After a month away from my desk, my community, and New York, I returned yesterday to all three. I had a wonderful vacation, truly and genuinely restorative, and it must be written on my face because everyone who sees me comments that I look rested. The last comment was- verbatim- “Rabbi, you look wonderful and rested. We’ll take care of that.” You have to love it.
(Santa Barbara, California) For a little over a week now, my wife and I, along with two other couples that we've been friends with for just about forty years, have been slowly working our way down the coast of California from San Francisco to Los Angeles, where I will be officiating at a wedding.
After a three hour delay for what our pilot blithely referred to as a "catastrophic failure" of one of our brakes (how fortuitous to learn this before takeoff and not after!), my wife and I are finally on our way to California for a well-earned vacation. Watching flight attendants deal with frustrated passengers at 34,000 feet seems like a good time to spend a few minutes thinking about America's new cult hero, Steven Slater.
On the first of this month, just as my vacation was beginning, the New York Times published (on its front page!) an article about the phenomenon of “clergy burnout.” I was, of course, touched by the fact that they had timed the publishing of the article to coincide with the o
Although scheduling conflicts made it impossible for me to stay as long as I would have wished to, I managed to spend one very wonderful day this week at the annual North American Jewish Choral Festival, sponsored by the Zamir Choral Foundation. The highlight of my brief stay was a moving film presentation about Hazamir, the National Jewish High School Choir and its constituent local choirs, and a live performance by the Zamir Chorale, which will be celebrating its 50th anniversary this coming year.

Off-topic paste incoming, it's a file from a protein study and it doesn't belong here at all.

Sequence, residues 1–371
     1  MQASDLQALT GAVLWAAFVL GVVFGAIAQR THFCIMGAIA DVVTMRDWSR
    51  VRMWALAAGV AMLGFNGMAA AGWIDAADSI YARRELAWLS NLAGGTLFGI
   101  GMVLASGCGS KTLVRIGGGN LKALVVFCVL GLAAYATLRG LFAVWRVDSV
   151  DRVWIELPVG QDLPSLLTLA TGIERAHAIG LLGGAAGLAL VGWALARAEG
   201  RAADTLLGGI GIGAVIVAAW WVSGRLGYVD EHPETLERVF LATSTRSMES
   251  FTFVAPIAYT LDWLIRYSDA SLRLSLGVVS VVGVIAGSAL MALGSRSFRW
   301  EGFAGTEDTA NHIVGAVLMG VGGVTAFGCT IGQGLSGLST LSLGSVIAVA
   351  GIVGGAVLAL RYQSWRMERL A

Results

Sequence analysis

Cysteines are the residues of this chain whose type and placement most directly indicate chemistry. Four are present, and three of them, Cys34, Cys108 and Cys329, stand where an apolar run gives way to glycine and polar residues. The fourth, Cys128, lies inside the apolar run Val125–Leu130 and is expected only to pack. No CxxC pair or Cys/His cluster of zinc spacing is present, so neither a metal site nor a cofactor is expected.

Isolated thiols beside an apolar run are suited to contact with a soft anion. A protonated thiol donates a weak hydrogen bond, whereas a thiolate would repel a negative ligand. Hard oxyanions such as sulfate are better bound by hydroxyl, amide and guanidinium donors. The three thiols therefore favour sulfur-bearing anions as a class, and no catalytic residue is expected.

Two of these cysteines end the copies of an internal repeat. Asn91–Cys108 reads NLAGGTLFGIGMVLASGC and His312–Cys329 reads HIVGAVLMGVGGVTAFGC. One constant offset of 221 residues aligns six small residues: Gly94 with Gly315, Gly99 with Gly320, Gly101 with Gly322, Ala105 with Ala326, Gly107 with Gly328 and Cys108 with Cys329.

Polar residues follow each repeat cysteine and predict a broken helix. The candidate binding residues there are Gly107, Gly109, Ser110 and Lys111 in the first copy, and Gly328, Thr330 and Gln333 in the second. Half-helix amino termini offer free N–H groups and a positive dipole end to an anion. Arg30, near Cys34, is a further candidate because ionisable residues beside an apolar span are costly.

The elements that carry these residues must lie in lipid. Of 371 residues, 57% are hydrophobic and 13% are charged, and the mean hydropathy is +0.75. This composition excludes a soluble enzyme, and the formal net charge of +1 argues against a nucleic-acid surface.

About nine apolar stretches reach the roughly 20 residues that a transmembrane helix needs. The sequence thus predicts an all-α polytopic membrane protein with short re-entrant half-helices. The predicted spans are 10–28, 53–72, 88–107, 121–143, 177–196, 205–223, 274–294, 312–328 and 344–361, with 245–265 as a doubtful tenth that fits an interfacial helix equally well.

As I write this article, furious negotiations are underway in Jerusalem regarding the so-called “Rotem Bill,” which might possibly be introduced to the plenum of the Knesset as early as next week. In a Jewish world that often hyperbolizes potential disasters, this bill, if passed, has the capacity to drive a major wedge between the State of Israel and the non-Orthodox Jewish community here in North America. I suspect that certain sectors of the Orthodox community are not anxious to see it passed, either.
It was only a month or so ago that Israel’s relationship with the United States government was in serious trouble. First it was the visit of Vice-President Biden to Israel that was marred by Israel’s ill-timed announcement of new housing starts in East Jerusalem. President Obama was said to be furious. Then it was Israel’s handling of the Gaza flotilla that seemed to anger everyone in the world who was awake and breathing at the time.
In the Babylonian Talmud, the ancient rabbis taught that silence, while a sign of humility and often wisdom, can also have a darker side. Sh’tika k’hoda’ah damei, they said. Remaining silent can, in the wrong circumstance, indicate your agreement with or surrender to what has been said. Silence can be a two-faced sword.
I’ve been thinking a lot about that ancient teaching lately.
It is most unusual for me to be away from my synagogue for two consecutive weekends, but this is one of those times. Last week I was in Jerusalem, attending the Zionist Congress. This week, far away from Jerusalem, I am writing from Newport, Rhode Island, where my son-in-law Yoni, entering his final year in the Rabbinical School at the Jewish Theological Seminary, is receiving his commission from the United States Navy as a Navy Chaplain.
I probably should wait a few days before writing this article. It would, undoubtedly, come out much less hot and bothered if I did. But deadlines being what they are, I am obliged to write it now. I apologize in advance- I think- if it offends certain sensibilities...
Young Families, Singles Flocking to Upper East Side; ‘The Memory Is In Their Taste Buds’: The Lure of Sephardic Food; Safra Synagogue Rabbi’s Growing Empire; Sephardic And Egalitarian at B’nai Jeshurun; Giving Voice to Sephardic Music.